Re: John Palmieri joining the release-team

> On 11/8/05, John (J5) Palmieri <johnp redhat com> wrote:
>> It all depends on what kind of tone we want to strike.  Java missing one
>> release might not be a big deal if they have shown commitment on
>> previous releases.  I think the delisting from stock markets might be a
>> good model.  It is pretty hard to get on, you need to follow rules and
>> regulations but once you are on you are given leeway to get your act
>> together once you fall behind.  For instance a tech company in the
>> server space that we all should know has been threatened in the past
>> with delisting because their stock fell bellow $1 a share but they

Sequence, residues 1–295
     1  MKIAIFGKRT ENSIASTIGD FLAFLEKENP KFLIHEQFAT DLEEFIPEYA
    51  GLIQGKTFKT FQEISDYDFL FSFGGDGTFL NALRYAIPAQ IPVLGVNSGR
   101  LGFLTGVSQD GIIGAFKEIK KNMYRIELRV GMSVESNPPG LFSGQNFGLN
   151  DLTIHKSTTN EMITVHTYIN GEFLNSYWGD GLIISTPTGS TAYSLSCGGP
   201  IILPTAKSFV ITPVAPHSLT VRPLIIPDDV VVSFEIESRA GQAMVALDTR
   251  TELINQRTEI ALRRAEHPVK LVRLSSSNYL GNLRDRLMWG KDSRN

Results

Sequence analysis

>> managed to bring it up and keep their name listed.  It happened again
>> and they couldn't bring it up so they are being delisted.
>> The same stance should be taken with the Java Bindings or any bindings.
>> Give them a warning and drop them if they don't pull it together by the
>> next release.
> Makes a lot of sense.  So much so, that it seems it should have been
> obvious.  :)

Dropping a binding should be really extreme thing that should almost never
happen. We should do all we can to keep bindings on the schedule, because
the bindings release set make a (vague) promise that those bindings will
be well maintained in future.

We'd only want to drop a binding if it seemed like they would never get
back on schedule, because that would just be a false promise that made the
other bindings look bad.

I don't think there's any problem with the Java bindings.

Murray Cumming
murrayc murrayc com

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